From WiFi to LiFi

Light has a much higher frequency than radio and as such it can carry much more information. In the figure a prism splits the white light into its various wavelengths (colours...).

Coding information on a light beam is conceptually the same as coding it on a radio beam. Both are electromagnetic waves the difference being in their frequency, much higher in the case of light (light used to be "seen" as a different branch of physics and those studying it got used to talk in terms of wavelengths rather than frequencies. However the two are two faces of the same coin, bound by the speed of light: λ=c/f).

Having a much higher frequency (at least 3 orders of magnitude higher) we can encode much more information on a beam of light. On the other hand a wall, or a tree, will stop the light beam and so propagation of the signal is much more complicated.

It is now at least fifteen years that researchers have been working on using light as an alternative to WiFi (the term LiFi, Light Fidelity, was coined in 2011 in a Ted Talk by Harald Haas) and there are now a number of products with a market that is expected to grow to reach 6 B$ in 2018.  Some cities are considering using street illumination to bath streets with LiFi providing up to 1Gbps connectivity.  Of course in LiFi the communication is basically unidirectional (downlink) and one should use a different technology for the uplink. Notice that 5G may come handy in this respect being able to aggregate different gateways/technologies within a single session.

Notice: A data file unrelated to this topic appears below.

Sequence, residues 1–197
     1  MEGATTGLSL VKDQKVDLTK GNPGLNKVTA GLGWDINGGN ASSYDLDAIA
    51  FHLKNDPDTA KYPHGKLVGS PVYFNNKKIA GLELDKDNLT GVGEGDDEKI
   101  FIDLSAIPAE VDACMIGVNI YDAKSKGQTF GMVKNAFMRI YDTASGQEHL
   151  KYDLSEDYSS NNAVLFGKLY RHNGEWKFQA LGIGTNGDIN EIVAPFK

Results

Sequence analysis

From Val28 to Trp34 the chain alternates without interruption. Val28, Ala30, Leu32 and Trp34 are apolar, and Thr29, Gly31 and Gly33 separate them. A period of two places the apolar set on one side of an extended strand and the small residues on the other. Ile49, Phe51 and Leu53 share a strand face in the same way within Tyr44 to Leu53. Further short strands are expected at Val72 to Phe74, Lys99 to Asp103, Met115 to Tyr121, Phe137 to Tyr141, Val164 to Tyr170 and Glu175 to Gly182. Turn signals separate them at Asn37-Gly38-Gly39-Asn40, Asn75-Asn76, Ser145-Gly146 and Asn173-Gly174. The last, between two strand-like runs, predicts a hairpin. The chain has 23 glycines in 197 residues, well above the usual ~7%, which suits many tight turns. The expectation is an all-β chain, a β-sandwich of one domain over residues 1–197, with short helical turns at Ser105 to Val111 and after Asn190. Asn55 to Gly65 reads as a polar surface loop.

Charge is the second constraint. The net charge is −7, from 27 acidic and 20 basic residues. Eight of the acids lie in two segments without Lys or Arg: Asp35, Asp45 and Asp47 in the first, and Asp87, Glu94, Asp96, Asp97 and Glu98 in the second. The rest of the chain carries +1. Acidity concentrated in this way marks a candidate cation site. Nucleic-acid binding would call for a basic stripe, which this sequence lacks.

Now a team of researchers at the University of Eindhoven, one of our EIT Digital partner, is proposing to use infrared light as a WiFi conduit. This would allow speeds 100 times faster than the one delivered today by WiFi. 

The system works with several beaming stations on the ceiling. Each station has an optical fibre as a feeder and beams different infrared wavelengths in the room. As a device move in the room it connects to the closest station and the system automatically reroute the information stream to the wavelength assigned to that device. Hence there is no bandwidth competition among the devices and each can get a stream exceeding (in the experiment) 40Gbps. The upstream link can be managed through a normal WiFi gateway.

Author - Roberto Saracco

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